Advantage Butte rallies around Digger playoffs

Advantage Butte rallies around Digger playoffs

By Bruce Sayler

Advantage Butte accented its whatever-they-need sense of community Tuesday when the membership overwhelmingly OK’d proposals to help Montana Tech with its playing host to college football playoffs this postseason.

The Orediggers will be home for the first round of the NAIA Playoffs this Saturday when they play host to Dickinson State of North Dakota. Advantage Butte took financial action on the project during its November meeting at the Butte Plaza Inn.

It approved a proposal to grant Montana Tech $2,000 to offset the costs of game officials’ expenses. Montana Tech had submitted a request for such prior and the Advantage Butte Executive Board recommended approval. Jeff Gorman of McDonald’s moved for such and Mark Hughes of Super 8 motel seconded the motion. It carried on a voice vote after called by Advantage Butte President Rody Holman of PayneWest Insurance.

The body then discussed the possibility of Montana Tech being in line to play host to a second-round game should the Orediggers be successful on Saturday, advised Ray Ueland of The Metals Sports Bar & Grill and Perkins Restaurant. Holman said the Orediggers would like financial assistance should the game come about, but that assistant athletic director Matt Stepan “is suspicious about putting the cart before the horse” and did not want to present a formal request this early.

However, should the second-round game develop, it would be the following weekend, well before the next Advantage Butte meeting. Butte Civic Center Director Bill Melvin moved for the executive board be allowed by the body to act upon such a request — to approve or negotiate, depending on the amount of funding asked. Gorman seconded and it carried, after some discussion.

Stepan arrived during the discussion and thanked Advantage Butte for the support. He also said the school did not see a need to request financial help from the group toward the Orediggers playing host, also on Saturday, to a first-round match in the NAIA Women’s Volleyball Tournament. Montana Tech will be home against Indiana-South Bend in the matchup.

“It’s $4,000 and we can take care of it ourselves,” he said, answering whether the support would be needed.

He did say, though, that the school was hoping to help alleviate some of the financial burden incurred by the Frontier Conference in such national postseason endeavors in athletics.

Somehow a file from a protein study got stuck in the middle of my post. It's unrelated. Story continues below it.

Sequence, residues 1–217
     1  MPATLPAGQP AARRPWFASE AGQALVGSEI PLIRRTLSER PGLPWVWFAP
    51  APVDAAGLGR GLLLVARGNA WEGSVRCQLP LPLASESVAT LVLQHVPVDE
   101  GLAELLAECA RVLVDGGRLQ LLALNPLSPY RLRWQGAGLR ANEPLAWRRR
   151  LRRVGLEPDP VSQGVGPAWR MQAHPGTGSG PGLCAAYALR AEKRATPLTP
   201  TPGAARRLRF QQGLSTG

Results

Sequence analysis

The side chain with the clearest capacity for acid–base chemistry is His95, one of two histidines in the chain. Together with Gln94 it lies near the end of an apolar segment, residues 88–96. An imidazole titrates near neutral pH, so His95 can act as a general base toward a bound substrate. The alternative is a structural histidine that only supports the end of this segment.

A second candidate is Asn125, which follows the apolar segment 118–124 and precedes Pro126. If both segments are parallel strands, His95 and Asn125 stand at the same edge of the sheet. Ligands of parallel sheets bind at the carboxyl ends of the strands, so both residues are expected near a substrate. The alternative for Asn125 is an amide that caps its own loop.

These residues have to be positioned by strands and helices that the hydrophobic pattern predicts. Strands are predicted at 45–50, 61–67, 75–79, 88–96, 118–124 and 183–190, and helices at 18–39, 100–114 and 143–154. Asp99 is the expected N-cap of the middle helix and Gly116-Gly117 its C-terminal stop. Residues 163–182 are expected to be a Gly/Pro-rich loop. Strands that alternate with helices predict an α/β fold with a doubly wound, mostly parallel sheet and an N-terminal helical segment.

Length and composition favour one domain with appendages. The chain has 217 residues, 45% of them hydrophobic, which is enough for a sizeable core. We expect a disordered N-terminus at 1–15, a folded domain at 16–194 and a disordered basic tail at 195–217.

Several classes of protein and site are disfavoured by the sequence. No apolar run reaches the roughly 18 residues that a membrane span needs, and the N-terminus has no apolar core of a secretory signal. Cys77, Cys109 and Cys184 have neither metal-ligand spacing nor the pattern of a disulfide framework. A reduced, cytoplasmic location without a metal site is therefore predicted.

“Dr. (Don) Blackketter (Montana Tech Chancellor) is leading the charge for the Frontier Conference on NAIA changes for travel and reimbursement,” Stepan said. “The Frontier bears the brunt of it.”

Holman said Advantage Butte has $41,999.51 in its checking account and is still awaiting word from the Butte-Silver Bow County Commissioners on a request for economic development mill levy money to be dispersed this fall. He said the commissioners received requests from 18 different groups seeking some of the $250,000 to $270,000 to be available. Holman said Advantage Butte has $34,008.00 committed to 2016-17 projects. More requests are expected.

Melvin said the the Civic Center winter sports schedule is filling as Butte Brawl XXII, a mixed martial arts card, is set for Dec. 3, and the first basketball game of the new season will be a Butte High girls’ game against Helena Capital on Dec. 15. He also said a crossfit competition has been booked for early Dec. 10.

Melvin reminded that the annual Montana High School Association meetings are scheduled for Jan. 15-16 in Missoula and suggested Advantage Butte again man a booth at the convention to sell the high school administrators and coaches on The Mining City as a quality location for extracurricular events. Advantage Butte has done such in the past. Gorman moved Advantage Butte register to have a booth at the meetings and George Johnson of the Quality Inn seconded the motion. It carried.

Maroon Activities Center (MAC) director John Thatcher said the Western C Divisional and District volleyball tournaments held during the last month at the facility went well. Holman said Advantage Butte contributed $2,000 toward each tournament. Thatcher said he thought some crowd was lost because the same schools also fielded successful football teams this year and the playoffs likely took some of the fans away from the volleyball tourneys.

Don Peoples Jr., president of the Butte Central Catholic Schools, said both tournaments lost money — $2,490 combined. He said in past years, participating schools made up such losses, but that tournament director Paul Bills of Ennis asked that the MAC or Advantage Butte absorb them this time. Peoples said Bills felt that the action could be a factor on where the tournaments would be held in future years.